Among the political cross currents stirring the criticism of many Americans lately is the sense that government spending in Washington is out of control. The tens of thousands of protesters in the Fox News-promoted, Republican-organized "tea party" anti-tax movement -- including a number of Tennesseans -- who gathered in the nation's capital last Sunday were there specifically to raise the alarm against new spending that they don't agree with.
Many would empathize with their purported root complaint of exploding federal debt. Our question is what took the conservative faction so long to become concerned about uncontrolled deficit spending. Why, precisely, were they so blasé about the stunning deficit spending in the Reagan, Bush I and Bush II presidencies, during which most of the current debt was created and put in the fiscal pipeline that is still spewing it out.
Presidents Ronald Reagan and George Herbert Walker Bush, riding the failed "supply-side" tax-cut policies, ramped up federal debt enormously during in their terms. It took the fiscal discipline of President Bill Clinton and his tax-increase medicine (mainly on the rich so favored by the Reagan-Bush I tax policies) to reverse the growing federal debt. Indeed, President Clinton produced, from 1997 to 2001, the only budget surpluses recorded in Washington in nearly 50 years.
George W. Bush destroyed those favorable surplus policies as soon as took control, with full support from Vice President Cheney, who famously growled, "deficits don't matter," and then-Federal Reserve Chairman Alan Greenspan, who expressed concern about getting the federal debt level too low.
Under the Bush II tax cuts of 2001 and 2003, plus his "off-budget" spending (meaning more borrowed money on top of his tax cuts) for the wars in Iraq and Afghanistan, the last president ran annual average budget deficits of approximately $550 billion in each of the past completed eight fiscal years. His deficit spending in those years -- quietly lubricated by five increases in the national debt ceiling, all but one by Republican-controlled congresses -- jacked the national debt up from the $5.7 trillion level when he took office to more than $10 trillion near the end of 2008.
In his last budget, for the current fiscal year which began last Oct. 1, Mr. Bush added another $1.3 trillion in deficit spending, pushing the federal deficit up by more than $6 trillion on his watch. With that, George W. Bush more than doubled the federal debt, to over $11 trillion, in his eight-year tenure. Plus, he left several trillion dollars more in debt in the fiscal pipeline to wind-up the Iraq war, finish the war in Afghanistan, and rebuild and resupply the battered military following the needless Iraq debacle.
Beyond that lies the still uncounted cost of his and the GOP's grand deceit about their tax cuts for the wealthy, which amounted to $1.7 trillion for the 10 years ending next year. Mr. Bush and his GOP party never counted the post-10-year cost of their tax cuts that would pile up after 2011. But they set the rhetorical trap to keep those costs coming by constantly arguing in his second term that not making those tax cuts permanent would amount to a -- gasp -- tax increase. (And remember, they never had an offset to pay for their tax cuts; they had terminated the Clinton-era pay-as-you-go rules for new spending shortly after they took office).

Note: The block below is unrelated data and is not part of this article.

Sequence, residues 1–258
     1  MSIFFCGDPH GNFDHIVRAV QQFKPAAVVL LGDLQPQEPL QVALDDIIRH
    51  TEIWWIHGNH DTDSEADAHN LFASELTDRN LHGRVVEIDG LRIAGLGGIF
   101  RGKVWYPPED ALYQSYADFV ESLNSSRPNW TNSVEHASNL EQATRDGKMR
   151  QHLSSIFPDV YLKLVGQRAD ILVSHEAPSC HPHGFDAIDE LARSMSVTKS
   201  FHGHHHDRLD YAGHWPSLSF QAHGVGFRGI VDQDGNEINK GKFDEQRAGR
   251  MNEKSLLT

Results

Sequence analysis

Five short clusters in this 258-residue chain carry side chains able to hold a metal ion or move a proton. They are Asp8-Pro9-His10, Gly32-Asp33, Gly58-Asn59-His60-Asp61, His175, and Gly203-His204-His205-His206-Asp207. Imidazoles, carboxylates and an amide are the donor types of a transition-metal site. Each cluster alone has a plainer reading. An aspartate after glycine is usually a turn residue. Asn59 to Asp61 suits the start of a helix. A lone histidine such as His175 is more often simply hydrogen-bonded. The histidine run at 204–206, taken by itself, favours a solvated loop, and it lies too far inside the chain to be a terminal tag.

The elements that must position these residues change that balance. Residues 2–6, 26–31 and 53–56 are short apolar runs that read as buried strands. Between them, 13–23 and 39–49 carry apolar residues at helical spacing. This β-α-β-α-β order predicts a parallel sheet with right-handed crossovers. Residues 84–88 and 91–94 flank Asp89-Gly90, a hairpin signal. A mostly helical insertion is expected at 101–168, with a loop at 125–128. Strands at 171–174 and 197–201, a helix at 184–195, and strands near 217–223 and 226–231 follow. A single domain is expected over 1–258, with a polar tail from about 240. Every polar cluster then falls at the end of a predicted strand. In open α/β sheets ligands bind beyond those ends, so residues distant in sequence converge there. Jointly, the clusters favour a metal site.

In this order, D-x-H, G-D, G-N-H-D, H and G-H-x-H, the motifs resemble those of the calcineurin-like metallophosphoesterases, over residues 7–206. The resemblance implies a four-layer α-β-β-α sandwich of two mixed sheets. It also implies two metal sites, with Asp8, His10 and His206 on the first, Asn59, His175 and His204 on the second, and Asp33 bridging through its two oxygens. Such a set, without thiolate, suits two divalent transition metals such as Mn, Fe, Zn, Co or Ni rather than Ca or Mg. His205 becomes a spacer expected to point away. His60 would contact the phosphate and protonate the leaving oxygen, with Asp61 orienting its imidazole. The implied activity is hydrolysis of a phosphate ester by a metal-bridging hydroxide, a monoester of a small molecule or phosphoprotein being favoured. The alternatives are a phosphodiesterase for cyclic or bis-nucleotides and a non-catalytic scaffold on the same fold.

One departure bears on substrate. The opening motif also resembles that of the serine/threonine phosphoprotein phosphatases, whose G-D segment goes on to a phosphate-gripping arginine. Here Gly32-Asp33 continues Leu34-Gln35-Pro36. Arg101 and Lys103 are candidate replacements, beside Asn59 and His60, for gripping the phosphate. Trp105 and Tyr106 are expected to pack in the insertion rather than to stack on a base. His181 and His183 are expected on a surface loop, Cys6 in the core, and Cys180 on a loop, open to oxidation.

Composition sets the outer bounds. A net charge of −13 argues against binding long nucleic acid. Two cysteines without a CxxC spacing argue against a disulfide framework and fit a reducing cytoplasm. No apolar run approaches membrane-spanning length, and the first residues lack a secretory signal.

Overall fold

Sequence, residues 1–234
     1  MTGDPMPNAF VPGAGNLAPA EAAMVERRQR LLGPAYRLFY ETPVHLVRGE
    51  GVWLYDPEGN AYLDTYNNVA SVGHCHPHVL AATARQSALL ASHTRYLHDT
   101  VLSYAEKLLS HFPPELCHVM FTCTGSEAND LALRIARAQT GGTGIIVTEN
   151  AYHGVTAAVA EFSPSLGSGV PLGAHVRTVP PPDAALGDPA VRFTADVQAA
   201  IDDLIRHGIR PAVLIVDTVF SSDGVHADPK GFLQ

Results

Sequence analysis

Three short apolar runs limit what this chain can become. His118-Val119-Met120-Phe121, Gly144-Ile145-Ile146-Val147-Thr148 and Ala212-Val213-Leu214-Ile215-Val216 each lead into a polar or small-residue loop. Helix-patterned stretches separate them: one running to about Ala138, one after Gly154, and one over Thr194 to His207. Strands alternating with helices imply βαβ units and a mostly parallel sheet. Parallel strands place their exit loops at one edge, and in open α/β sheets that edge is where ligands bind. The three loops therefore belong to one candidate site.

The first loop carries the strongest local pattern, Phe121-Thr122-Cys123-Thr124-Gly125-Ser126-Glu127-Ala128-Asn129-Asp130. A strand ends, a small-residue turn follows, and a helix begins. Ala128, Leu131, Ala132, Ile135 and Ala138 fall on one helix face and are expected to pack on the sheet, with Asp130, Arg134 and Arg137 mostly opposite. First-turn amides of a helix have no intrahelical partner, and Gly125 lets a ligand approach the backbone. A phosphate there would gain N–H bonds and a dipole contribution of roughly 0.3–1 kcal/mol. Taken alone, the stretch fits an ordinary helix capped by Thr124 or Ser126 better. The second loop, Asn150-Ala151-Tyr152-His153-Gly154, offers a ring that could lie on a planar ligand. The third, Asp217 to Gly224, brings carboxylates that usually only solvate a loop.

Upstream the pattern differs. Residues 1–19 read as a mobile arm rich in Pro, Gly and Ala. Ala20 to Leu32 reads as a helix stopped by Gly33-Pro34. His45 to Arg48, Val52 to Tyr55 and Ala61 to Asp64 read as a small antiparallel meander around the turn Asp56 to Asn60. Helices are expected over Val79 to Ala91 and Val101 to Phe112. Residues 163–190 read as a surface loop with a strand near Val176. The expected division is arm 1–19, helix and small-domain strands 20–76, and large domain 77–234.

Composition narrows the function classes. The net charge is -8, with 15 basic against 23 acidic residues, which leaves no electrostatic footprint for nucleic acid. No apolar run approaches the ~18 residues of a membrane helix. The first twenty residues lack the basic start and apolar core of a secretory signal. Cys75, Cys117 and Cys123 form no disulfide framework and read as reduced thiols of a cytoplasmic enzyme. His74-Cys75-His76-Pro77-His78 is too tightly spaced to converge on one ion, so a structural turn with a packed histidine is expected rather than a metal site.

The long-term costs of the Bush-GOP tax cuts were simply left for the next president to deal with. Sure enough, when Mr. Obama was putting together his first budget, for the 2009-2010 fiscal year that begins next month, GOP pressure against ending the high-end tax cuts for those with incomes above 250,000 (to help pay for stimulus tax cuts for the middle class) provoked enough opposition that he dropped the idea until next year.
President Obama, to be sure, had to add to the federal debt to shore up the economy from the epic fiscal disaster that ruptured on his predecessor's watch and swamped him when he opened the Oval Office door. The Bush Great Recession, literally almost Great Depression II, will impose additional long-term costs for years to come.
In addition, the Baby Boomer tide that will arrive in 2011, making new millions of seniors eligible for federal retirement benefits then, portends a steady new drain on Social Security and Medicare trust funds just when the government -- thanks largely to newly generated Republican debt -- will find it more difficult to manage entitlement spending and keep up with other fiscal demands.
Spending on the Pentagon, Medicare, Social Security and interest on the federal debt now consume fully 70 percent of the federal budget. President Bush seriously aggravated all those problems. Had the Clinton-Gore plan to run the federal debt down to nearly zero the past eight years remained intact, entitlement costs could be easily managed. Now, they pose a substantial problem.
Yet it is those projected entitlement costs and interest on the debt -- not any new spending by President Obama -- that actually haunt fiscal conservatives. Anger at President Obama for trying to pass health-care reform -- the element most needed to control entitlement costs -- is seriously misplaced. So is anger over the administration's efforts to patch up the Bush recession wreckage.
The grossly unfair irony here is that Glenn Beck and his legions of myopic tea-baggers have the wrong target and the wrong strategy to control the costs that scare them. It's the Bush legacy that should provoke their anger -- and prompt their support for cost-saving health care reform, which will minimize the pending health-cost drain, and which actually comes with a cost-offset, for a change.